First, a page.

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Lewis & Clark's Columbia River - "200 Years Later"
"Youngs Bay, Oregon"
Includes ... Youngs Bay ... Youngs Bay Bridge ... Old Youngs Bay Bridge ... "Meriwether Bay" ... Campsite of November 29, 1805 (Lewis) ...
Image, 2013, Youngs Bay and Saddle Mountain, Oregon, click to enlarge
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Youngs Bay and Saddle Mountain, Oregon. Image taken February 2, 2013.


Youngs Bay ...
Youngs Bay is a body of water just west of Astoria, Oregon, and east of the communities of Warrenton and Hammond. It receives the waters of Youngs River and the Lewis and Clark River.

Youngs Bay is crossed by U.S. Highway-101 (Highway-26), from which there are good views of the Coast Range, Saddle Mountain, and Astoria, Oregon.


Youngs Bay in 1792 ...
In 1792, Lieutenant Broughton of Captain George Vancouver's expedition, explored Youngs Bay and named today's Lewis and Clark River "Youngs River" for Sir George Young of the Royal Navy. The bay then took its name from the mis-named river.

Lewis and Clark and Youngs Bay ...
In 1805 Lewis and Clark named today's Youngs Bay "Meriwether Bay" after Captain Meriwether Lewis, and they named the eastern point of the bay "Meriwether Point", now Smith Point, Astoria, Oregon.

"... proceeded around this Bay which I have taken the liberty of calling Meriwethers Bay the Cristian name of Capt. Lewis who no doubt was the 1st white man who ever Surveyed this Bay ..." [Clark, December 7, 1805]

"... Meriwethers Bay is about 4 miles across deep & receves 2 rivers the Kil how-â-nah-kle and the Ne tul and Several Small Creeks - we had a hard wind from the N. E. and Some rain about 12 oClock to day which lasted 2 hours and Cleared away. ..." [Clark, December 7, 1805]

Image, 2003, Youngs Bay and Astoria, Oregon, click to enlarge
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Youngs Bay as seen from the Youngs Bay Bridge, Astoria, Oregon. Image taken August 2, 2003.


Campsite of November 29, 1805 (Captain Lewis) ...
On November 29, 1805, Captain Lewis and five men left the main camp at Tongue Point and proceeded down the Oregon side of the Columbia River looking for a place for their winter camp. Captain Lewis's camp of November 29 was approximately two miles into Youngs Bay along the eastern shore. On November 30, Lewis and his men proceeded up the Bay and explored the Skipanon River and the Lewis and Clark River before setting up camp on Youngs River, approximately six miles up from its mouth with Youngs Bay.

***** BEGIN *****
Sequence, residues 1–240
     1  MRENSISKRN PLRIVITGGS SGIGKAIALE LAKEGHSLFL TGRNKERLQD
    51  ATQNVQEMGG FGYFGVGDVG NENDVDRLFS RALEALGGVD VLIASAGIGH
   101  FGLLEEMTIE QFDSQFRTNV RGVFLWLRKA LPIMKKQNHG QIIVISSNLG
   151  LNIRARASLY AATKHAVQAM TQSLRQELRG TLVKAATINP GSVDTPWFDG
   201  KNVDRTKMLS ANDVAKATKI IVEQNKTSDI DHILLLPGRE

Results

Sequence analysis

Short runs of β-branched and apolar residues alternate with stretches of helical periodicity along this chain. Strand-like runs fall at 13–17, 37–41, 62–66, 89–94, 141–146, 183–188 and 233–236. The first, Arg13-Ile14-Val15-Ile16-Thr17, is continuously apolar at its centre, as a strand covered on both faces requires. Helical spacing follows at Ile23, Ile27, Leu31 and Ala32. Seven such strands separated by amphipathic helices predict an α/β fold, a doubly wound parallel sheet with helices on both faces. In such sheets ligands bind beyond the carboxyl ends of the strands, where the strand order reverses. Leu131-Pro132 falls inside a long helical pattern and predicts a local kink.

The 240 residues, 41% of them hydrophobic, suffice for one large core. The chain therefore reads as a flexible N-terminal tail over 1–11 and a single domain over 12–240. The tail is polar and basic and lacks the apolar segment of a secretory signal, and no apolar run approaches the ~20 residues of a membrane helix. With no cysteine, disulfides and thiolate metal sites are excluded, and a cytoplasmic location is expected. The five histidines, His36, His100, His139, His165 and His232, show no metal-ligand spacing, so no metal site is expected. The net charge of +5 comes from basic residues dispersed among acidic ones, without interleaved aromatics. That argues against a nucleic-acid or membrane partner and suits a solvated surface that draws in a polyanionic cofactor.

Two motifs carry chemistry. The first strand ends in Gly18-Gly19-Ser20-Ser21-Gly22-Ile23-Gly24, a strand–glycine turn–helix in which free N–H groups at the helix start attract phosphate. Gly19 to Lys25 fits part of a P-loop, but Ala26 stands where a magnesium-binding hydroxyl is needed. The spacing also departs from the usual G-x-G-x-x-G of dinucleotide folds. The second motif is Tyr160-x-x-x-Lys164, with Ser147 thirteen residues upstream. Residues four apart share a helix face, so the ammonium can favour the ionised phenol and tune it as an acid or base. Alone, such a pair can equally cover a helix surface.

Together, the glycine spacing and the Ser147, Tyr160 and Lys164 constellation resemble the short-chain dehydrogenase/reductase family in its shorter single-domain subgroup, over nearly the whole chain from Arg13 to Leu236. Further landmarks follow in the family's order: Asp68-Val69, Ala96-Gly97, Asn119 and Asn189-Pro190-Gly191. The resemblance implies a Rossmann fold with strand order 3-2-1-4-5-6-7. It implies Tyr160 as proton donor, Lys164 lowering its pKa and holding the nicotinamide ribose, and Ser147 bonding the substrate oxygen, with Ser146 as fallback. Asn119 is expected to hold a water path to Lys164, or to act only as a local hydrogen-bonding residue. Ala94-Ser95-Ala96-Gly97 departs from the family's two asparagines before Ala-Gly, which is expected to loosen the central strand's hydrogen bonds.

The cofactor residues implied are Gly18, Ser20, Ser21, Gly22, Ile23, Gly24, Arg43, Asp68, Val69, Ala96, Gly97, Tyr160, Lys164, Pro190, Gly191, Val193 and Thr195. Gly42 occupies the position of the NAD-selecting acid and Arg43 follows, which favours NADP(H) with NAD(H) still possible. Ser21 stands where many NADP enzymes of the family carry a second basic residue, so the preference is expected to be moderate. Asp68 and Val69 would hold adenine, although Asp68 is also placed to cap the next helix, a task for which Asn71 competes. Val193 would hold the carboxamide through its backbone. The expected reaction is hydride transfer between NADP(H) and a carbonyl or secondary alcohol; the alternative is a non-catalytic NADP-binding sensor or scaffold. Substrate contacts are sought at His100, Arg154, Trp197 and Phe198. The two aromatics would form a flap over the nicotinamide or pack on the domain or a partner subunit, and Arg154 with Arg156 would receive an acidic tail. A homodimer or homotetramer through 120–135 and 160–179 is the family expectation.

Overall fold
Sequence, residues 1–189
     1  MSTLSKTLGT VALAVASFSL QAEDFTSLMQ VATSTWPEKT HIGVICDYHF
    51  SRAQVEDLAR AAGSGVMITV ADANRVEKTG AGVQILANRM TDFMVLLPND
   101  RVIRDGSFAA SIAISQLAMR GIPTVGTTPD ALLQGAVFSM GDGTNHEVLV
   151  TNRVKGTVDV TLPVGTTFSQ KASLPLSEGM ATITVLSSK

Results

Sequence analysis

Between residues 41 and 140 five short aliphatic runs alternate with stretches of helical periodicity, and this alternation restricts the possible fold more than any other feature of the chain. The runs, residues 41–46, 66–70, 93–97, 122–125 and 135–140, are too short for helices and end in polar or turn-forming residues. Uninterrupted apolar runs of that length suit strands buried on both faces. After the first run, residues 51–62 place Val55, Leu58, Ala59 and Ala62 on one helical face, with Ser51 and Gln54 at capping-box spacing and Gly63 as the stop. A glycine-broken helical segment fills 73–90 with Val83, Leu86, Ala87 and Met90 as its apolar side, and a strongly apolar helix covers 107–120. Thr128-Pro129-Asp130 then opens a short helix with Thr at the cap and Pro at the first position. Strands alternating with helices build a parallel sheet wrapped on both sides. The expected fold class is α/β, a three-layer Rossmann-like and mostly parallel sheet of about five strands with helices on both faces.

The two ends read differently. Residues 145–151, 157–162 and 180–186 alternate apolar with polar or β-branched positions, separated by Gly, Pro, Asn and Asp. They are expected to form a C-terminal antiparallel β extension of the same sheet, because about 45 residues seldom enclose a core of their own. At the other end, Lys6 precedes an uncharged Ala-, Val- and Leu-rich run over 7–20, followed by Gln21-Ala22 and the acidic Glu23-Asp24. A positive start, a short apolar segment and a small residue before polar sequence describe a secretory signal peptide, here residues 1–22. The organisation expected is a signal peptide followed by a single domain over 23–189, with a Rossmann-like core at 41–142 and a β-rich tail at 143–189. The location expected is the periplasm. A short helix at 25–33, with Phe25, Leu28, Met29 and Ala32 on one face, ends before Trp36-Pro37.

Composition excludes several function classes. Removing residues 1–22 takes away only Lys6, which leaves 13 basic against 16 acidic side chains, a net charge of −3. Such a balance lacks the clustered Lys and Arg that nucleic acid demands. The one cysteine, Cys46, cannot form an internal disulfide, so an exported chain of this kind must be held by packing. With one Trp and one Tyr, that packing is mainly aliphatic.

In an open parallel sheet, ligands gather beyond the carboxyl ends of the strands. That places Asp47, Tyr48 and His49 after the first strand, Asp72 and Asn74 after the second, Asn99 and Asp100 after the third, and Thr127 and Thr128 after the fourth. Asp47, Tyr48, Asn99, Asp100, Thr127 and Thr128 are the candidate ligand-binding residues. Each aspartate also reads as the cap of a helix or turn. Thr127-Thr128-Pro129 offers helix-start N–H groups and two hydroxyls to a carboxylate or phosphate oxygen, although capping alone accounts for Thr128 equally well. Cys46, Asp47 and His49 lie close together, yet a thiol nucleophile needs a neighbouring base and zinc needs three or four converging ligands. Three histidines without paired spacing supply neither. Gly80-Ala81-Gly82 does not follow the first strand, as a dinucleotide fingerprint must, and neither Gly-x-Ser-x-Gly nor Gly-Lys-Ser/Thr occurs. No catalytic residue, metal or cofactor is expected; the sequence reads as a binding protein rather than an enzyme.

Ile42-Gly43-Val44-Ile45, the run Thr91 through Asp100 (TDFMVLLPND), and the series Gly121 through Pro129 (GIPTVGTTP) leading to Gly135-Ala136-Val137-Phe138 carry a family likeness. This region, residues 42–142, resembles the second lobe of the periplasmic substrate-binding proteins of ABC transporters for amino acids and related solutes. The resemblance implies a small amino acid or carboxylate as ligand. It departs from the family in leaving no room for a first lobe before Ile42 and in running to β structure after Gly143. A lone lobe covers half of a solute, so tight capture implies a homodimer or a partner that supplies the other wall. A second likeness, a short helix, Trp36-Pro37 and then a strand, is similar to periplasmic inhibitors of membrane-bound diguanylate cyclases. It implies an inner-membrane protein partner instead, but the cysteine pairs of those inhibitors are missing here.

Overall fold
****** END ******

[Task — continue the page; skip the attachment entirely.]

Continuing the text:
"... continued our rout up the large arm of the bay about 6 miles and encamped on the Stard. side on the highland. the water was quite sweet. therefore concluded that it must be supplyed from a large crick. at our camp it is 120 yds. wide, tho' it gets narrower above. <about 2 miles> ..." [Lewis, November 30, 1805]

On December 1, 1805, Captain Lewis is still at camp on the Youngs River. Here his journal entries end. Captain Lewis rejoins Captain Clark at Tongue Point on December 5.


From the "Coast Pilots" ... 1869, 1903, 1942
From the 1869 U.S. Coast Survey "Coast Pilot":

"... Young's Point, on the southern side of the river, is the first point made after passing eastward of Clatsop Beach. Immediately behind it the land is high and densely wooded; and around its southern face opens Young's River. It was called "Point George" by Broughton in 1792; "George Point" by Belcher in 1839; "Young's Point" by the United States exploring expedition in 1841; "Smith's Point" by the Coast Survey, in the triangulation of 1852; but it is, we believe, generally known as Young's Point. ..."

"... Young's Bay lies between the eastern part of Clatsop Beach (called Tansey Point) and Young's Point. Into it empty Young's River, discovered, examined, and named by Broughton; Lewis and Clarke's Rivers, examined by them in 1805; and one or two small streams or slues."

From the 1903 U.S. Coast Survey "Coast Pilot":

"... Youngs Bay, about 7 miles inside the entrance on the south bank of the river, is the widening of the mouth of Youngs River, which enters at this point. It is of no commercial importance, being traversed only by light-draft steamers navigating Youngs River. The Astoria and Columbia River Railroad crosses the bay on trestlework, a suitable drawbridge being situated in the channel. ..."

From the 1942 U.S. Coast Survey "Coast Pilot":

"... Youngs Bay, on the southern side of the river, about 10 miles inside the entrance, is shoal; it receives the waters of Youngs River and Lewis and Clark River. Traffic on these two rivers is confined chiefly to towboats handling log rafts from rafting grounds just above the two highway bridges. Small towboats operate to the town of Olney, but only at high tide, as the channel is reported bo be practically dry at low tide. The portion of the bay southeastward of Smith Point is under improvement intended to privide additional frontage for the city of Astoria. The shipyards of Youngs Bay are no longer in operation. A power house with a prominent white concrete stack is located on the northern shore of the bay, just westward of the highway bridge. On the eastern side of the highway bridge at its northern end, are the moorings of the Astoria Yacht Club.